Improving Education Policy: Is ESSA the Right Amount of Reform?
In part one of my examination of events and trends that either help or hurt education, I discussed recent court rulings and the growing number of parents and students who opt out of standardized testing. One of the biggest education stories in the last year was about reforms to No Child Left Behind (NCLB), the 2001 standards-based, bipartisan school reform law. From the overuse of standardized testing to results-based teacher reviews and performance-based pay, many educators have criticized NCLB.
Data from No Child Left Behind showed improved test scores, better ability to identify learning difficulties
Supporters of NCLB could cite its effectiveness: Data collection showed annual increases in test scores and a narrowing of the achievement gap. Routinized assessment has given schools big-picture insight about program efficacy. Once student issues were identified through testing, they received intervention and remediation.
The disbursement of Title 1 funds and Race to the Top grants under NCLB gave monies to some of the most troubled schools, and assessments support the idea that this investment was not in vain. Under NCLB, the federal government had an opportunity to encourage a larger-picture educational policy where students who move across state lines encounter similar educational expectations in their new environments.
Teaching to the test: NCLB testing mandates and federal control garnered harsh criticism
This big-picture approach to education is exactly what many NCLB critics hated. Tying federal funds to adherence with Common Core standards, for example, was interpreted as a violation of a state’s right to run education at the local level. Testing mandates, which led to a prevalence of “teaching to the test,” were also met with harsh criticism.
Critics argued that the top-down administration of education lacked the flexibility and local control that has always worked for schools. Because federal, state, and district requirements for testing lead to constant assessment, parents and teachers were concerned about test fatigue.
The nationwide trend in standardized testing opt-out undermined the data collection that could illustrate NCLB’s success. In another blow to assessment, natural hiccups in the development of the new (Partnership for Assessment and Readiness for College and Careers) PARCC exam did not inspire confidence.
Education policy reform: The Every Student Succeeds Act (ESSA)
It was clear that change was necessary, and the Senate and House both passed radically different NCLB reforms. In December 2015, negotiations resulted in the Every Student Succeeds Act (ESSA), which was passed with overwhelming bipartisan support. This act severed the ties that incentivized testing and got rid of pay-for-performance strategies.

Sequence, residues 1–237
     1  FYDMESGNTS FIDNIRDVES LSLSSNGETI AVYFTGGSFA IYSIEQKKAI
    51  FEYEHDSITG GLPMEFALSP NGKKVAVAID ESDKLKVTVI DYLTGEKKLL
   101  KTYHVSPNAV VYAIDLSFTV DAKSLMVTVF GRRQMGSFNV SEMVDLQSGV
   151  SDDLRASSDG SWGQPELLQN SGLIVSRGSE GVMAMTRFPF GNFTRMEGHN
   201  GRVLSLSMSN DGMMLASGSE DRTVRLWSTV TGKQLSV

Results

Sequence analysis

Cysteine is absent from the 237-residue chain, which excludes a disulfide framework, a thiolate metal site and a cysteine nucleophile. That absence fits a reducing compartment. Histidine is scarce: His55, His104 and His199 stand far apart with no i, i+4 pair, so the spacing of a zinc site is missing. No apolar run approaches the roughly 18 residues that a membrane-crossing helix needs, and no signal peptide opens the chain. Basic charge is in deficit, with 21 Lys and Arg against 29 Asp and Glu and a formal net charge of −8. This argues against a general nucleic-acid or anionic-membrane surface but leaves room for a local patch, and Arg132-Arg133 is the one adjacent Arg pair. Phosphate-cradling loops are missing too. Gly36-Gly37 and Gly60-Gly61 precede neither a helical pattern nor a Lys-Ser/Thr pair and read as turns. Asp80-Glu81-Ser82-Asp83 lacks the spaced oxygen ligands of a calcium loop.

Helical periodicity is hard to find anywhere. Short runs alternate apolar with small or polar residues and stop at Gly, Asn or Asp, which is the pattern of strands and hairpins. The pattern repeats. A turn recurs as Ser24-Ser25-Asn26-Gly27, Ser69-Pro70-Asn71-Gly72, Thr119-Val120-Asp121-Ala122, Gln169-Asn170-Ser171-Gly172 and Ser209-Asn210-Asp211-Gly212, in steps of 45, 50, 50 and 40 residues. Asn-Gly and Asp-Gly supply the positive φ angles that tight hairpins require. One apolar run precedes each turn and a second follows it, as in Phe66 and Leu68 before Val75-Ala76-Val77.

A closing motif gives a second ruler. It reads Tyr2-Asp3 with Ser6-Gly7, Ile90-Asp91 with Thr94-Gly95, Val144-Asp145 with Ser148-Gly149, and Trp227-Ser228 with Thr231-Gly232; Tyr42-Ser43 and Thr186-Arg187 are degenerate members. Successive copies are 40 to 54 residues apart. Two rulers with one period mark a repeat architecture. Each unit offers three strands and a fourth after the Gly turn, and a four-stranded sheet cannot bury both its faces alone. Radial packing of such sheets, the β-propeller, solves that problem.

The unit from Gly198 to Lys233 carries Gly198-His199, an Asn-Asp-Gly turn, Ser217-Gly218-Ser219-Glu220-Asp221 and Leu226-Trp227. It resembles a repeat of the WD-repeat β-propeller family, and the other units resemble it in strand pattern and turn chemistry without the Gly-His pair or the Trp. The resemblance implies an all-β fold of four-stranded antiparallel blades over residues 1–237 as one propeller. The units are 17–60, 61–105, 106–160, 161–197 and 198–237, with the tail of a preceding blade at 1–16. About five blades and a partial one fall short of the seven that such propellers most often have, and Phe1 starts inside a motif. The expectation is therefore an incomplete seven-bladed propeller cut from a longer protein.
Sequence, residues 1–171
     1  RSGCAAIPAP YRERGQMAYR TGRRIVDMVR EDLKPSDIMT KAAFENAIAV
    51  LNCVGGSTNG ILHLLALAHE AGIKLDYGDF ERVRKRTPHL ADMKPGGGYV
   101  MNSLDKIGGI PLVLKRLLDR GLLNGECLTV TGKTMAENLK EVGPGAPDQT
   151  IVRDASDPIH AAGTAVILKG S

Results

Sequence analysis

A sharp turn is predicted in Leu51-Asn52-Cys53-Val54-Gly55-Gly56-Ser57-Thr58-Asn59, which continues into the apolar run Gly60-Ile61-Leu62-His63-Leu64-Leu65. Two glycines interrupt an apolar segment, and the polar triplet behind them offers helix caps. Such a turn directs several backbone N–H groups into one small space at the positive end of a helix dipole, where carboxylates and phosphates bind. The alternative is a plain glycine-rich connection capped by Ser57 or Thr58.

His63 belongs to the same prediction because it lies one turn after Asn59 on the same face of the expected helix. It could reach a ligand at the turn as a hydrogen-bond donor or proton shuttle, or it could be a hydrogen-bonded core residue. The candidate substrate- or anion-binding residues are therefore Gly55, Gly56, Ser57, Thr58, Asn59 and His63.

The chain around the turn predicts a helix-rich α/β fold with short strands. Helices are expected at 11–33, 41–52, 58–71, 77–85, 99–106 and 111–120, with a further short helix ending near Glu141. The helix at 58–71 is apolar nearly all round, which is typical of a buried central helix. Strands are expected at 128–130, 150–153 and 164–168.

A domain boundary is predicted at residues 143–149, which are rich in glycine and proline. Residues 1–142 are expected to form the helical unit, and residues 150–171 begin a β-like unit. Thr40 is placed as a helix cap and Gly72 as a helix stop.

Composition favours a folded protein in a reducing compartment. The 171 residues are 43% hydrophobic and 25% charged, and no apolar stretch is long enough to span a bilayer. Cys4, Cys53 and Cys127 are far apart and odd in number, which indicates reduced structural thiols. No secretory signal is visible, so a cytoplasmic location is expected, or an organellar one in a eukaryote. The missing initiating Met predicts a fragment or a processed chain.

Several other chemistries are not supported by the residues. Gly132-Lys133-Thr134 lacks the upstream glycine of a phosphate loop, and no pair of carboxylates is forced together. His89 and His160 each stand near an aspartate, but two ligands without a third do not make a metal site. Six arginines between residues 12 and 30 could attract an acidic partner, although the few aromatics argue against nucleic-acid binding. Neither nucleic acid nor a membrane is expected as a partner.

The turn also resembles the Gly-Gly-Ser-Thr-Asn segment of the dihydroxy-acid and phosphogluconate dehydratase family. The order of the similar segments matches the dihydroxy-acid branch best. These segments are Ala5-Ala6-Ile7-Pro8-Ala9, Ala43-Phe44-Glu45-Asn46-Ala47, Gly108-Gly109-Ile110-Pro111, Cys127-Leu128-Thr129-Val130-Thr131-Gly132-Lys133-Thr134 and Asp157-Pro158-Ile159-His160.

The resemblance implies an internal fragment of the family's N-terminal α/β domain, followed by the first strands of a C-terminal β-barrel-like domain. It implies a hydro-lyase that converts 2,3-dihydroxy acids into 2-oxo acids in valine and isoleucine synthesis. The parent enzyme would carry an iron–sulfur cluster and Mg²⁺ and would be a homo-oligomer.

States and districts regain local control
ESSA also shifts responsibility once again into the local purview. The law gives state and district education boards a bigger role in:
- Determining teacher evaluation methods
- Choosing high-quality learning standards, which can, but are not required to be, Common Core
- Identifying and implementing interventions for schools with underperforming high-needs populations such as English language learners, special education students and racial minorities
Critical response to the reform is mixed. Advocates cheered its newfound attention to the consequences of over-testing and were delighted to keep the best parts of NCLB while shedding others. Others, like the self-labelled “nationwide rebellion” Education Spring, remained dubious, calling the act a “modest step forward.” Many NCLB critics see ESSA as a small but measurable step in cleaning up the old law’s mess, but remain concerned that the legislation may not shift education policy as much as they desired.
ESSA implementation and enforcement methods have yet to be identified
The question of how ESSA will unfold is a concern. The shift from federal to state control leaves questions that many believe will settle themselves through further clarification in the judicial branch. Because many states are just getting their PARCC data back and still struggling to align curriculum to Common Core or state standards, the educational movements that gained steam under NCLB remain.
States remain concerned about how their implementation and enforcement will be received by the Department of Education and the complex set of changing rules they are beginning to navigate. Parents, teachers, and students are correct in seeing this as a big change. 2015 marks the end of the NCLB era, but it also triggers a significant and unfolding ESSA landscape.
Monica Fuglei is a graduate of the University of Nebraska in Omaha and a current faculty member of Arapahoe Community College in Colorado, where she teaches composition and creative writing.Learn More: Click to view related resources.
- "The Controversy: Has NCLB Been Successful or Has It Failed?," Carleton College
- "A year of change: EdSource's top five stories of 2015," Edsource.org
- "Go Ahead, Pass Every Student Succeeds Act, But Don’t Celebrate It," Institution for America's Future